We may wish to add to that list some key performance indicators for parastatals including a performance indicator of a 5% return on new investment as proposed by the Ministry of Finance. However the latter will not amount to good practice as this requires that such targets be based on criteria that go beyond purely financial indicators to include social goals of the SOE, customer service, etc. But we believe that at the outset small incremental changes can deliver some quick meaningful results.

First of all we have to plug the governance deficit. The legal and regulatory framework governing the parastatals will have to be reviewed to separate government’s ownership function from its policy/regulatory functions in line with international good practice. Before government functionaries are made accountable for their lapses, just as board members of the private sector are made to under the Company Act, they will need to be freed from power pressures. We should have a structured nomination process for SOEs to ensure an effective provision of competence to SOE’s boards. The nominations or appointments should be made out of a list of eligible candidates (maintained by an independent agency) with appropriate professional background, skills, experience and knowledge. The process needs to be efficient, transparent and based on merit, excluding political activity and affiliation from the selection criteria.

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The Quality of Tertiary Education

The crux of the challenges in the education sector is two-fold: first, that of access — the need to get more Mauritians to enter and complete primary and secondary schools and thereafter to access and complete university education; second, the issue of quality. It is not enough to get more Mauritians into educational institutions; we need to ensure that they have access to quality learning.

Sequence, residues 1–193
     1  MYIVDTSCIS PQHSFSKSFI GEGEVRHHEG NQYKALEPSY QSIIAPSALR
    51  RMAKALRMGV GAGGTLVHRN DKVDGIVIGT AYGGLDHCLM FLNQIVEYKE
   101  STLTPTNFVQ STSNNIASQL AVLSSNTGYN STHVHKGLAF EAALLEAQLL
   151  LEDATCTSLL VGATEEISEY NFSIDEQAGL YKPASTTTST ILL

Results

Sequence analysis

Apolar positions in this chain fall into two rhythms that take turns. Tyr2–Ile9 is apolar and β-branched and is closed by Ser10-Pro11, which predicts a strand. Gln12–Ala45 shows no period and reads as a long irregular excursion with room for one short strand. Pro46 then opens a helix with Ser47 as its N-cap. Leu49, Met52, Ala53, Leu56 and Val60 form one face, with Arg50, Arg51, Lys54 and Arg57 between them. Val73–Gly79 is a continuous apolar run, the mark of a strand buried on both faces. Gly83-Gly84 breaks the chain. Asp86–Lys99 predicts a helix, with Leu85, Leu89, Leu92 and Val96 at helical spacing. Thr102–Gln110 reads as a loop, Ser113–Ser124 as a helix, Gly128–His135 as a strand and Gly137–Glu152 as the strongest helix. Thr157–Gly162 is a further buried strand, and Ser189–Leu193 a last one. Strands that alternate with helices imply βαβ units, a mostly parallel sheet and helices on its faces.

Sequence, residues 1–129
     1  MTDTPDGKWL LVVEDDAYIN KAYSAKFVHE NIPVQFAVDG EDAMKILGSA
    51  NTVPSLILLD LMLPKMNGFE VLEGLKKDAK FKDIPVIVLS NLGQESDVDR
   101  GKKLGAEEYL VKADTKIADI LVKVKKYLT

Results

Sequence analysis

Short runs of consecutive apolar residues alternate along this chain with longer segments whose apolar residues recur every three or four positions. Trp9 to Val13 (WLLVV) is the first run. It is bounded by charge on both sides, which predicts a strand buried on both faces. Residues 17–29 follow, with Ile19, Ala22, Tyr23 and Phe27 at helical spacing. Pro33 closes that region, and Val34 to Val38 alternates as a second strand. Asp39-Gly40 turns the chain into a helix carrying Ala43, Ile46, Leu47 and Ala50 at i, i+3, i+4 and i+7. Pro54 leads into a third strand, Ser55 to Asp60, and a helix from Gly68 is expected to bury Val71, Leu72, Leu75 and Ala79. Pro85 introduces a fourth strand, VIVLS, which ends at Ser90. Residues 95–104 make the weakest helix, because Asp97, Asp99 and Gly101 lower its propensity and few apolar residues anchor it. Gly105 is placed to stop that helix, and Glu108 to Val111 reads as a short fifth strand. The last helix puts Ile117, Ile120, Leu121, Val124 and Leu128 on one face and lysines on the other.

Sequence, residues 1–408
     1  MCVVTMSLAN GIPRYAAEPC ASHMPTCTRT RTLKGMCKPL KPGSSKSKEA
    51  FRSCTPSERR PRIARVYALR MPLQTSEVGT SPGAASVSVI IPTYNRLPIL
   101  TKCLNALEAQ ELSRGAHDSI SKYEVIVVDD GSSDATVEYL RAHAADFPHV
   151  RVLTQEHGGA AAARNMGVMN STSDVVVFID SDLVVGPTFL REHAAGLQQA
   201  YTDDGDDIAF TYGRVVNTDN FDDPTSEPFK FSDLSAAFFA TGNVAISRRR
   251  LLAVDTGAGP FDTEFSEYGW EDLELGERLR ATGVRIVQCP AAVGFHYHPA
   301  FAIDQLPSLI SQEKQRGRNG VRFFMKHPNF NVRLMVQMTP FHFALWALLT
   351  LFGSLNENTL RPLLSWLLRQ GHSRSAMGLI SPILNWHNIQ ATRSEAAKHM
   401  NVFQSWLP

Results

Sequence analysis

The recent incident at the UTM is rather damaging especially at a time when we are laying the foundation for becoming a regional educational hub and a centre of higher learning. Some of the tracer studies of the Tertiary Education Commission (TEC) are quire revealing; though there has been significant progress over time, still some 25% of degree graduate respondents are not satisfied with the course content, 46% rate down the quality of delivery, 38% find their courses not in line with employers’ needs and 33% are of the opinion that UoM’s courses did not impart problem-solving skills, and the level of underemployment amongst UoM degree graduate averages some 20.9%. That was in 2008 and the situation seems to have worsened. There is a lot of expectations on the TEC, which will have to assume its role as a driver of the tertiary sector, upgrading quality audits and enhancing the international comparability of its quality assurance framework for quality tertiary education. Tie-ups with foreign universities are not enough. The purpose of any tie-up should be to encourage out-of-the-box thinking and innovation.

Moreover, to achieve a level of excellence, the TEC will have to ensure that universities stop viewing themselves merely as brain factories churning out scientists and engineers only for economic growth. Creativity and innovation are becoming more important; the emphasis on rote learning must go. The explosive success of American universities stems at least in part from the fact that they are treated not merely as economic units but as guardians of the souls of their people; they nourish both hearts and minds – an old western ideal which declared that educated minds understand both their own cultures and the world. To succeed, our universities will have to cultivate equally strong traditions of freedom of spirit and inquiry that have been the hallmark of great universities throughout the ages.

* Published in print edition on 16 March 2012